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How did you make the jump from Portland to Taipei? Me and the other partner—I lived in Oregon for eight years, he lived there for 15 or 16—we'd been to the shop a lot in the past and we just liked the brand and the product. Once I moved back to Taiwan and the other partner moved back, we decided to go over the dessert scene. With doughnuts, I didn't like any doughnut shop I found in Taipei. No insult [to them], but why not have a good donut shop here and tone down the sugariness? We also thought, this is going to be a great experience. This is going to be a good place for people to socialize. You don't need a week of planning to hang out with friends in Taipei, it's more like, "Hey, we're here, let's go and not spend a lot of money."

Whose idea was it? How was the contact made? We had one conversation, and I guess you could say we shared the idea. Before we talked to them, we didn't know [what would happen]. I flew over and met with them, and it basically kicked off from there. Then it was time and finding the location.

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Voodoo Doughnut has a large cult following in the States. Do you think this will carry over in Taiwan? It's hard for me to say yes or no, but a 100-percent Taiwanese customer probably won't get it as much as they do in the States. It might not translate [fully]. But there are a lot of foreigners and expats who know this, and a lot of them will come in. Up to this point, a lot of our local customers have been coming in because they think the voodoo doll is cute, or ugly—either way, they're interested. There are also new flavors they've seen. We're going to gradually try to be open 24 hours a day, seven days a week. We want to give people the real Voodoo Doughnut experience.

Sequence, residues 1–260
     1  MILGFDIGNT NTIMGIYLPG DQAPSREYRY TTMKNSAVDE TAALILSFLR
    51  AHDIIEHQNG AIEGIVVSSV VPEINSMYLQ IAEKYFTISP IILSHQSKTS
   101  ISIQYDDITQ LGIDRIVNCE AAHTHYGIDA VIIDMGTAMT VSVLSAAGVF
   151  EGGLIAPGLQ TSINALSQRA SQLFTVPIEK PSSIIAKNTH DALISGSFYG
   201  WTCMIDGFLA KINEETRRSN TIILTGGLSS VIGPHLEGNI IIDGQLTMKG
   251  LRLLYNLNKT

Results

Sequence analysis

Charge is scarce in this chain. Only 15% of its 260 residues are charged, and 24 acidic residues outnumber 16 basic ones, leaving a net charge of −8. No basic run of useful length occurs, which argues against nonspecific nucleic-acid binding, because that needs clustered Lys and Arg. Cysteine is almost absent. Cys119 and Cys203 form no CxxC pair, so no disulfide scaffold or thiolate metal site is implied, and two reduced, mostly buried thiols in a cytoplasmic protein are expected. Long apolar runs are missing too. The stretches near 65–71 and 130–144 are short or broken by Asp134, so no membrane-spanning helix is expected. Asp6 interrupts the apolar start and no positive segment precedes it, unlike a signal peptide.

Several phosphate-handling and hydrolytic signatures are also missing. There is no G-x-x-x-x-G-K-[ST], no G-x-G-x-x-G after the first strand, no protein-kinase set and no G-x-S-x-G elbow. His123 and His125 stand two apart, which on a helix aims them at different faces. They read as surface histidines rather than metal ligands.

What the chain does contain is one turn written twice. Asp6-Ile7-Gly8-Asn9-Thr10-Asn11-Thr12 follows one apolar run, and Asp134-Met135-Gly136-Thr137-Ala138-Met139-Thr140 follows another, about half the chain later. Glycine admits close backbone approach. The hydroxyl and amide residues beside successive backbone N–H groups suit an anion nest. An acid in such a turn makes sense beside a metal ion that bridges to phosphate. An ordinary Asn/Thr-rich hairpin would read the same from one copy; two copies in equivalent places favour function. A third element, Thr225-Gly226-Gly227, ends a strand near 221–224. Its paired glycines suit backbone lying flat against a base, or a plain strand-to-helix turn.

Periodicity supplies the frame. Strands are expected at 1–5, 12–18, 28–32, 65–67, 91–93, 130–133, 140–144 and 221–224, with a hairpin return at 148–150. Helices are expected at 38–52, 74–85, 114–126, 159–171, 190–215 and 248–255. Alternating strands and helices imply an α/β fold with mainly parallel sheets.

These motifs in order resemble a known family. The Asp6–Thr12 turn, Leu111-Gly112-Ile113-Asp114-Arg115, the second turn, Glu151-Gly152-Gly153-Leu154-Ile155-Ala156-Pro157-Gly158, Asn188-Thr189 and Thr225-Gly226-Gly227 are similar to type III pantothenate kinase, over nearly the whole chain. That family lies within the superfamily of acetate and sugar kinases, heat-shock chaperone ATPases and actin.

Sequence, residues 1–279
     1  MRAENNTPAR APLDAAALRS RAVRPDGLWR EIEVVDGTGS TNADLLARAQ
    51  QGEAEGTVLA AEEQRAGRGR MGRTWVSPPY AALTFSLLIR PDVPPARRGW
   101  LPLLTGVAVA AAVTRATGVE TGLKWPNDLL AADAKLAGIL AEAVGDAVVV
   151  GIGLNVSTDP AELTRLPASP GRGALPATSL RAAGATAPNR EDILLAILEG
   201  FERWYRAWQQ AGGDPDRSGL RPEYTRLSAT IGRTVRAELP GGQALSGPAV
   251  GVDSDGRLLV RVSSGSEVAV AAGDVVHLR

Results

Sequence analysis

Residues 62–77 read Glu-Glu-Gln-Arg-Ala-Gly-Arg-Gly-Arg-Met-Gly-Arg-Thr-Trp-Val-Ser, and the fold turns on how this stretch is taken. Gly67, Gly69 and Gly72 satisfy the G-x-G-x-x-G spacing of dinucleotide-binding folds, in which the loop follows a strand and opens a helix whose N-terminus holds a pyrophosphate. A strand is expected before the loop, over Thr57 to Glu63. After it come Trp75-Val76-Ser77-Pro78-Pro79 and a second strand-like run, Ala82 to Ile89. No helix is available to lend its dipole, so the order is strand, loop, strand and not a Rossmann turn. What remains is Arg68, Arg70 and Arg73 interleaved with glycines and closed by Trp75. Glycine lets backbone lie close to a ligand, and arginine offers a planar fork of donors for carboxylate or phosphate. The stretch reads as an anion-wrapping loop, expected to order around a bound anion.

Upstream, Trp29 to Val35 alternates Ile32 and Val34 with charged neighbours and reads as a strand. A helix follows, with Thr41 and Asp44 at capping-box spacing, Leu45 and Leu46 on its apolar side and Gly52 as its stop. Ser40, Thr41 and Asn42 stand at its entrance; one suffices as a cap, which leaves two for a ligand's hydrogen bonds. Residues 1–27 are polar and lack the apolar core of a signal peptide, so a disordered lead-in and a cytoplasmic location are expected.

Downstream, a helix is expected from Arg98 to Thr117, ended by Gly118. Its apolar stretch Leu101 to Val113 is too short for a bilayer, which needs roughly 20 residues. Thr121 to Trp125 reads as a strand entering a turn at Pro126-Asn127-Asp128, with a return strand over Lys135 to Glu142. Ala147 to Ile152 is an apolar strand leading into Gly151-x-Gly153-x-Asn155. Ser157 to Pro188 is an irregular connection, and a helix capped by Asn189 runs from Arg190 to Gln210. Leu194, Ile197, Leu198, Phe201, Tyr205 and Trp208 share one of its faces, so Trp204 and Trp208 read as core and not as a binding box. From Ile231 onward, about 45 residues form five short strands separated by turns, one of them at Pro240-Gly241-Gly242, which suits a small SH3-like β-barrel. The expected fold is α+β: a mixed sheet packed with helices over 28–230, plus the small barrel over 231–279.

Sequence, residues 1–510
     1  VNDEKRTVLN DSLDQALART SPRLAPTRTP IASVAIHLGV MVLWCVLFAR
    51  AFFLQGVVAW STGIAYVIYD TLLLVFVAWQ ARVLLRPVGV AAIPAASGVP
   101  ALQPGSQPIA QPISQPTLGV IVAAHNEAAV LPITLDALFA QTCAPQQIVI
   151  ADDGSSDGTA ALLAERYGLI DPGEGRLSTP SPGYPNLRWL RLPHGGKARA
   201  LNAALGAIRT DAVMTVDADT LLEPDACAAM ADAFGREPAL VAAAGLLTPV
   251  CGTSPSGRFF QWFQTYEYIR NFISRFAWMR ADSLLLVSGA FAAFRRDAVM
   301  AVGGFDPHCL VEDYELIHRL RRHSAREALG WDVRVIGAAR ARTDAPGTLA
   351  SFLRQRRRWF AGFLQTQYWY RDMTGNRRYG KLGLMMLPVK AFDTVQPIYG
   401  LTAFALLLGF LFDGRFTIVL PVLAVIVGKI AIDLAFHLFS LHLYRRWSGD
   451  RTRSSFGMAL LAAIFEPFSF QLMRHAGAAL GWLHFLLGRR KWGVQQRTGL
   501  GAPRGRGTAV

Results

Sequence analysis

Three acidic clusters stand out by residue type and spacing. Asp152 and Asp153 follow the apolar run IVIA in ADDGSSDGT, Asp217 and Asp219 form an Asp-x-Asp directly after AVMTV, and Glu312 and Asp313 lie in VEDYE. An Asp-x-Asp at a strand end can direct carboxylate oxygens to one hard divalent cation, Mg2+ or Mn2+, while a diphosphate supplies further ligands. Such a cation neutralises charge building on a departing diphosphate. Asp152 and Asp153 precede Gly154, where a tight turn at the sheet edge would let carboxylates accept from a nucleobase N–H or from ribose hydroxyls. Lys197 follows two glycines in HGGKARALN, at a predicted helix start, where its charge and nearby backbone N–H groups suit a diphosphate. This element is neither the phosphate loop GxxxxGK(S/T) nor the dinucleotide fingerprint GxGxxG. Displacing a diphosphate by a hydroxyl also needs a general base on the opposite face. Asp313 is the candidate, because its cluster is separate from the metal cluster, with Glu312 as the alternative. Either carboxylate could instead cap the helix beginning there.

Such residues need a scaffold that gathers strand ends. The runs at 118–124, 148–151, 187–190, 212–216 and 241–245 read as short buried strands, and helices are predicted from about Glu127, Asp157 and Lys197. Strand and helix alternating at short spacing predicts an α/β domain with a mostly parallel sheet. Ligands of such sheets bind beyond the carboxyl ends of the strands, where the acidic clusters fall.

Will the Asian expansion continue? The next stop is Japan. I don't think it's [just] Asia. Austin is next after this one, and they want to expand in the US as well. Expanding in Asia is about finding the right partner. There are a lot of cities in the States they haven't covered. I mean, Japan has been on their list for a while. As far as I know they get a lot of requests. To make things authentic, we need to ship a lot of ingredients over. We spent four or five months just fixing problems that came up unexpectedly, getting things here, [working around] Taiwan's laws. There have been a lot of food problems in Taiwan, so they change the laws regularly. We just have to keep up with that.

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Do you think this will inspire any other companies with a similar vibe to play their cards in Taiwan? I don't know. It has to do with the success of the shop, number one. From the business end, if you're going to open a shop in Asia there are many options. You asked why Asia, but it's more like, why Taiwan? But Taiwanese people are very friendly and willing to try new things.

Dunkin Donuts closed rapidly in Taiwan, but Krispy Kreme opened up to a huge success. What does Voodoo do differently? What will keep it going? First of all, we don't know the answer of what will make a doughnut shop successful. Instead of focusing on the demand for doughnuts, we focus on the shop experience, and that means many, many things. Maybe later we'll expand and have more products, but you'll come in and have a good time, and that's what we're aiming for. People in Taiwan don't wake up in the morning and think, I hope I have doughnuts for breakfast… But, that's not what we're trying to accomplish here. Instead of following the food trends—in Taiwan there have been several, like every shop selling waffles with ice cream on top—we want to offer steady quality food and service, and we're not looking to open another fifty shops in Taiwan.

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Thanks for talking with us.